Quebec's often acrimonious language debate spilled out onto the floor of a Montreal hotel lobby Sunday as a scuffle broke out between the members of English and French rights groups.

It's the latest indicator that language tensions in Quebec, always on the verge of exploding, have quietly moved to the forefront in recent months and are showing no signs of letting up.

Members of the Young Patriots of Quebec, a sovereigntist group, were on hand to protest a political meeting held by the ardently federalist Affiliation Quebec.

What drew the young sovereigntists' ire was the presence of Howard Galganov, an outspoken and controversial Anglo rights figure from a decade earlier who moved to Ontario.

Group spokesman François Gendron said they have no problem with Affiliation Quebec and actually wouldn't mind the fledgling party stealing votes from the governing Liberal party. But Galganov's presence was inexcusable.

"Howard Galganov, even after leaving Quebec, has said some unacceptable things,"  Gendron said. "We think it's unacceptable to allow him to speak here given his past."

A handful of Young Patriots picketed outside the hotel when a few decided to raid the hotel and the brief fight broke out. There were no arrests and no injuries, but police were called to keep watch.

Roving commission reveals deep divide

Language tensions promise to get even more heated when the Office québécois de la langue française, the province's language watchdog, releases a study on language trends in the province later this month.

A number of controversies have helped nudge along the activities of Quebec's fringe language groups.

Quebec's roving commission last year that studied the so-called reasonable accommodation of minorities and newcomers to the province revealed a deep divide about what the future holds for the French language.

That gave rise to other controversies, including questions about the language of instruction for tots in daycare and the use of English on the automated call-answering systems of Quebec government departments.

One Quebec author promised last week to burn all his works if something isn't done to stem a surge of bilingualism in the province.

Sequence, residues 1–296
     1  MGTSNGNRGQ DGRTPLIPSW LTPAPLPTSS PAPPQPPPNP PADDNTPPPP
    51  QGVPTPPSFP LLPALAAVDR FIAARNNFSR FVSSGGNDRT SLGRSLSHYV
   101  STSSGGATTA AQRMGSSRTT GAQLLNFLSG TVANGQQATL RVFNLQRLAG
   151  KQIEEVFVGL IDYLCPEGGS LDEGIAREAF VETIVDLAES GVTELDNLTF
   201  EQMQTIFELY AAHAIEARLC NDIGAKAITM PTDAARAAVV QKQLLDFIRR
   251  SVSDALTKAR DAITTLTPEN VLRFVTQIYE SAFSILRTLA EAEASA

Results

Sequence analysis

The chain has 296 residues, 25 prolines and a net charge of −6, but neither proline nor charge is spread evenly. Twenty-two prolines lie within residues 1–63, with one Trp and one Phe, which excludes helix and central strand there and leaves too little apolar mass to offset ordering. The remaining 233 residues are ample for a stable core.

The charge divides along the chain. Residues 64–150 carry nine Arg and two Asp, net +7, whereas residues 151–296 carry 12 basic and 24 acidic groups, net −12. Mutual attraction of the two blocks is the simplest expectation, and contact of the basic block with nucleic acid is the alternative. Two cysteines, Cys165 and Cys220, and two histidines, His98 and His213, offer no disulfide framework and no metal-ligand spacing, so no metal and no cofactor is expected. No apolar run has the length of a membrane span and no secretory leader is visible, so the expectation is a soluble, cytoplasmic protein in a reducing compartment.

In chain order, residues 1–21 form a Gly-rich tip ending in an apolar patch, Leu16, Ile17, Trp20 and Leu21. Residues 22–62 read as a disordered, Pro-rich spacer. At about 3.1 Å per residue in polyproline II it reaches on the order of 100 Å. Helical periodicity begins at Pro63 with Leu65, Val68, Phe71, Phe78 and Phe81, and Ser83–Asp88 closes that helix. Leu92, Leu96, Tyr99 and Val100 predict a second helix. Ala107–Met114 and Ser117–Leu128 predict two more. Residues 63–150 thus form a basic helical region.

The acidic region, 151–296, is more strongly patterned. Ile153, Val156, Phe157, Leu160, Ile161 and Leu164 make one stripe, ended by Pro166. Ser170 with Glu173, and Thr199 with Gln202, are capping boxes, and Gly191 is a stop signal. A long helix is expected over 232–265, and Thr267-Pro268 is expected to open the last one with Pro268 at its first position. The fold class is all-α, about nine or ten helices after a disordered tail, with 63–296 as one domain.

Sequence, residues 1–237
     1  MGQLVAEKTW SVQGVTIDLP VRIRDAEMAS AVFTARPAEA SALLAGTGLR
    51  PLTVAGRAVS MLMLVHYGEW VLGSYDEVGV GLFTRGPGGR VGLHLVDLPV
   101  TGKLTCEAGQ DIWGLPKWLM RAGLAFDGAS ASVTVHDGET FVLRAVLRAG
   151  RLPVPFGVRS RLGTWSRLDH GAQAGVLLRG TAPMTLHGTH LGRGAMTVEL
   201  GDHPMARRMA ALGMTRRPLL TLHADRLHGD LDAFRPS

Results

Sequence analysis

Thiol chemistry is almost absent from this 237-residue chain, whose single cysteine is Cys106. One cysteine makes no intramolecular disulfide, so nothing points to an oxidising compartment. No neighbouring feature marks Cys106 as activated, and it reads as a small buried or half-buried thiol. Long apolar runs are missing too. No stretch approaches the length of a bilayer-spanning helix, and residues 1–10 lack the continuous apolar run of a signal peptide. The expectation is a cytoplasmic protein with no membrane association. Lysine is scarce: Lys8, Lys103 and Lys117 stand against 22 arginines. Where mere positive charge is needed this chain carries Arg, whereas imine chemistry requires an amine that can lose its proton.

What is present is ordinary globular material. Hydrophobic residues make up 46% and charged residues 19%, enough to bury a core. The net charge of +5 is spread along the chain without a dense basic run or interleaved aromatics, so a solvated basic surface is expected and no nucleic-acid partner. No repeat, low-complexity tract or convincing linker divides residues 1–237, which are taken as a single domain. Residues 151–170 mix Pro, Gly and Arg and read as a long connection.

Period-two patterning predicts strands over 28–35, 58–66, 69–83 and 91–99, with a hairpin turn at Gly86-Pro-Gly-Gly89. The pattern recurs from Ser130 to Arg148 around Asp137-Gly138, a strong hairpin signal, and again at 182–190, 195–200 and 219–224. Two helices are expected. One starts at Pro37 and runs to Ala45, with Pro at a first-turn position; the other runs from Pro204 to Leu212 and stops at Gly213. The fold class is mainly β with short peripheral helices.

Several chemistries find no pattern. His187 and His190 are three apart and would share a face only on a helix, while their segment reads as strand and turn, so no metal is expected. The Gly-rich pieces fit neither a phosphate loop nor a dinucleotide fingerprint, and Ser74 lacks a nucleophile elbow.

Language issue ever-present in Quebec

Lawyer Brent Tyler says the language issue is always present although the media dictates when the issue becomes hot again.

But Tyler, a former head of Alliance Quebec, a defunct anglophone lobby group, says he's extremely optimistic about the future, where he says young francophones have no historical grievances and can't remember a time when they couldn't be served in their mother tongue.

And young Anglos are fluently bilingual and they don't have the same encounters with intolerant conduct their parents may have had.

"Young francophones don't buy into the old line that used to be so appealing," Tyler said. "I would say that amendments to the language law are going to be generated by the new generation."

Galganov, who is looking to a political future in Ontario, shrugged off the actions by the young sovereigntists.

"I don't think they represent the mainstream of Quebec society but the fact that Quebec society doesn't denounce them says a lot about the majority of the people in this province," Galganov said.

Allen Nutik, founder and leader of Affiliation Quebec — a federalist provincial party that was founded last year in an attempt to channel dissatisfaction with the governing Liberals, chalks up the scuffle in the lobby to intimidation.

"The nationalist movement are sent here to intimidate us, to frighten us," Nutik said. "They are threatening us, we don't threaten them."

But Nutik says he's not concerned, and his goal is to show that there is a vibrant group of minorities in Quebec that will stand up for their rights.

"Rights are rights are rights and they must never forget that," Nutik said.